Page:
GENETIC EPIDEMIOLOGY AND RISK ASSESSMENT PROGRAM PROJECT SUMMARY The unifying goal of the Genetic Epidemiology and Risk Assessment (GERA) Program is the application of genetic and molecular epidemiology methods to the study of critical questions addressing the etiology, prognosis, and survivorship of cancer in human populations. More specifically, GERA members leverage the combination of epidemiologic methods with high-resolution molecular techniques in order to identify risk and prognostic factors; improve risk stratification; and provide an evidence base for primary, secondary, and tertiary prevention strategies. This goal is further accelerated by applying novel and innovative methods from statistics and informatics. To address these fundamental questions, 3 scientific aims have been developed: 1) To use the tremendous advances in genetics and molecular biology to understand genetic, environmental, and gene?environment interactions in the etiology of cancer in human populations; 2) To use these same advances to understand the molecular epidemiology of cancer prognosis and survivorship; and 3) To develop and apply novel statistical and informatics methods for the design and analysis of genetic and molecular epidemiology studies. The GERA Program's cancer etiology studies use family-based, case-control, and cohort study designs and focus on the genetic epidemiology of cancer, premalignant conditions, and intermediate phenotypes, as well as nongenetic risk factors and descriptive epidemiology. Etiologic heterogeneity based on tumor phenotype is also being addressed. Cancer prognosis research focuses on host factors, including genetic and serum biomarkers as well as lifestyle factors that influence prognosis; tumor biomarkers; and survivorship. Novel methods for the design and analysis of genetic and molecular epidemiologic studies are being developed, building on our expertise in biostatistics, medical informatics, and bioinformatics. To achieve these goals we have assembled a team of 29 multidisciplinary members from 4 departments from all 3 campuses. Total direct peer-reviewed funding is $3.6M (79% from the NCI), with total direct funding of $5.4M. Since 2013, the program has generated 744 publications, 36% reflecting intraprogrammatic collaborations and 59% reflecting interprogrammatic collaborations. Notable contributions have been made in the epidemiology of pancreatic, lung, ovarian, breast, colon, prostate, and lymphoproliferative malignancies as well as to the statistical genetics and medical and bioinformatics literature. Leadership of the program is provided by Drs. Cerhan, Parker, and Yang. The Program makes extensive use of Shared Resources. In the next 5 years, we will facilitate innovative research in cancer etiology and prognosis with a focus on genomics and related omics fields, development and application of novel technologies and methods, and translation to the clinic and population as well as back to the lab to inform biology.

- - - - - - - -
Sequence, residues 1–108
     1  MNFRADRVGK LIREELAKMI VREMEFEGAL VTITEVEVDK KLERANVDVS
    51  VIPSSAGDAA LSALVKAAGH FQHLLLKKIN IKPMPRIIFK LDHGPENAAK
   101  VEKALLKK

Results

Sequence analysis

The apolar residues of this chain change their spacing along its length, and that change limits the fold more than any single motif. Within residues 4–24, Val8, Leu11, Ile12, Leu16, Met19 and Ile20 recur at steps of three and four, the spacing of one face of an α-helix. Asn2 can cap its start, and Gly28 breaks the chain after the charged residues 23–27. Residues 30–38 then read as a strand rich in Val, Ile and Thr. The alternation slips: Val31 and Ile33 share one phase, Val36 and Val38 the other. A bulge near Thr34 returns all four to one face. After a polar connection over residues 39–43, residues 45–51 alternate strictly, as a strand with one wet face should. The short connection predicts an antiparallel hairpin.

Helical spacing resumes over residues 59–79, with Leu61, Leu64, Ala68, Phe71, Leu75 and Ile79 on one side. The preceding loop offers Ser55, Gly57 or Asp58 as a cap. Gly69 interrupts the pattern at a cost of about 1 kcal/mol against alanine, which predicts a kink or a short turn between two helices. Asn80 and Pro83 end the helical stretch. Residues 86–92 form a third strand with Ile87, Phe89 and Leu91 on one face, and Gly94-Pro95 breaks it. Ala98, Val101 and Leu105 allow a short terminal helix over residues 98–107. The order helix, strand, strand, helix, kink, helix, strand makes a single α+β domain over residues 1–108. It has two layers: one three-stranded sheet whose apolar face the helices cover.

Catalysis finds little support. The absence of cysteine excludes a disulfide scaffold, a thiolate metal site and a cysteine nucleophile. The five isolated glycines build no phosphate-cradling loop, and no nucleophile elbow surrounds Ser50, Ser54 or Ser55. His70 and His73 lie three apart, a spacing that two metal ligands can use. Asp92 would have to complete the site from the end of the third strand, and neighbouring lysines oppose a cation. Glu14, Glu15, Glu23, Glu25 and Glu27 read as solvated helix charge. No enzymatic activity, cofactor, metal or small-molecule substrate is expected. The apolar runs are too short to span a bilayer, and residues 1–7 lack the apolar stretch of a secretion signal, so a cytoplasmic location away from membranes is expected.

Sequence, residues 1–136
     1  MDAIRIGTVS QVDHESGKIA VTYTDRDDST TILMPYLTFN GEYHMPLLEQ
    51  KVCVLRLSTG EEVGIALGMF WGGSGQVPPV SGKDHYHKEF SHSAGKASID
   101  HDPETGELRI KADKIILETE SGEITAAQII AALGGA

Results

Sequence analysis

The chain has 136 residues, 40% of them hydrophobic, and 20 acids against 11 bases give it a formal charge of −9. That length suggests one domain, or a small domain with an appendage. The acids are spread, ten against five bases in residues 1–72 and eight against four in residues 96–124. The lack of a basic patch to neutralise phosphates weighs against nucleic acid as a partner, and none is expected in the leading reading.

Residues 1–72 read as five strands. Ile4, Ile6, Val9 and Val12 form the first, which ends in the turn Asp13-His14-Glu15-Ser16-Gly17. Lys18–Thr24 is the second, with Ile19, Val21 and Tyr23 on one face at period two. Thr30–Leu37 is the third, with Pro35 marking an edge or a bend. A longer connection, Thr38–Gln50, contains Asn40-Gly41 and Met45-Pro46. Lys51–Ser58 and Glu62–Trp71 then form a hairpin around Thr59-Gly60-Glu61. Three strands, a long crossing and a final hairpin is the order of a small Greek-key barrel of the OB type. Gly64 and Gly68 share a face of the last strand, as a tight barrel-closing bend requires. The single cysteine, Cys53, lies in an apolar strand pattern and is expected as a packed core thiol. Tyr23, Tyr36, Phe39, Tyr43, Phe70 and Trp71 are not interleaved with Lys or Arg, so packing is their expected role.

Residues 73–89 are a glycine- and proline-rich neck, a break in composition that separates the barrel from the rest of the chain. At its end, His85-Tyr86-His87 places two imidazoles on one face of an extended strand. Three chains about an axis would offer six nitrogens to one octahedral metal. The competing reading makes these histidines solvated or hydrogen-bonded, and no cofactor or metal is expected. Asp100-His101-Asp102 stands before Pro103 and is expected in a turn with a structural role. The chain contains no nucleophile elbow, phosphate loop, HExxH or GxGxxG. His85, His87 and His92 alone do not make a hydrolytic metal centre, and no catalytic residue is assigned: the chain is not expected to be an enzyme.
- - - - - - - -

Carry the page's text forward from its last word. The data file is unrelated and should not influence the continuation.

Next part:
National Institute of Health (NIH)
National Cancer Institute (NCI)
Center Core Grants (P30)
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Subcommittee I - Transistion to Independence (NCI)
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Mayo Clinic, Rochester
United States
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Block, Matthew S; Vierkant, Robert A; Rambau, Peter F et al. (2018) MyD88 and TLR4 Expression in Epithelial Ovarian Cancer. Mayo Clin Proc 93:307-320
Sharma, Ayush; Oishi, Naoki; Boddicker, Rebecca L et al. (2018) Recurrent STAT3-JAK2 fusions in indolent T-cell lymphoproliferative disorder of the gastrointestinal tract. Blood 131:2262-2266
Langlais, Blake T; Geyer, Holly; Scherber, Robyn et al. (2018) Quality of life and symptom burden among myeloproliferative neoplasm patients: do symptoms impact quality of life? Leuk Lymphoma :1-7
Yang, Ju Dong; Addissie, Benyam D; Mara, Kristin C et al. (2018) GALAD Score for Hepatocellular Carcinoma Detection in Comparison to Liver Ultrasound and Proposal of GALADUS Score. Cancer Epidemiol Biomarkers Prev :
Kurmi, Kiran; Hitosugi, Sadae; Yu, Jia et al. (2018) Tyrosine Phosphorylation of Mitochondrial Creatine Kinase 1 Enhances a Druggable Tumor Energy Shuttle Pathway. Cell Metab 28:833-847.e8
O'Mara, Tracy A; Glubb, Dylan M; Amant, Frederic et al. (2018) Identification of nine new susceptibility loci for endometrial cancer. Nat Commun 9:3166
Wallace, Sumer K; Halverson, Jessica W; Jankowski, Christopher J et al. (2018) Optimizing Blood Transfusion Practices Through Bundled Intervention Implementation in Patients With Gynecologic Cancer Undergoing Laparotomy. Obstet Gynecol 131:891-898
Shrestha, Shikshya; Zhang, Cheng; Jerde, Calvin R et al. (2018) Gene-Specific Variant Classifier (DPYD-Varifier) to Identify Deleterious Alleles of Dihydropyrimidine Dehydrogenase. Clin Pharmacol Ther 104:709-718
Hu, G; Dasari, S; Asmann, Y W et al. (2018) Targetable fusions of the FRK tyrosine kinase in ALK-negative anaplastic large cell lymphoma. Leukemia 32:565-569
Geller, James I; Fox, Elizabeth; Turpin, Brian K et al. (2018) A study of axitinib, a VEGF receptor tyrosine kinase inhibitor, in children and adolescents with recurrent or refractory solid tumors: A Children's Oncology Group phase 1 and pilot consortium trial (ADVL1315). Cancer 124:4548-4555

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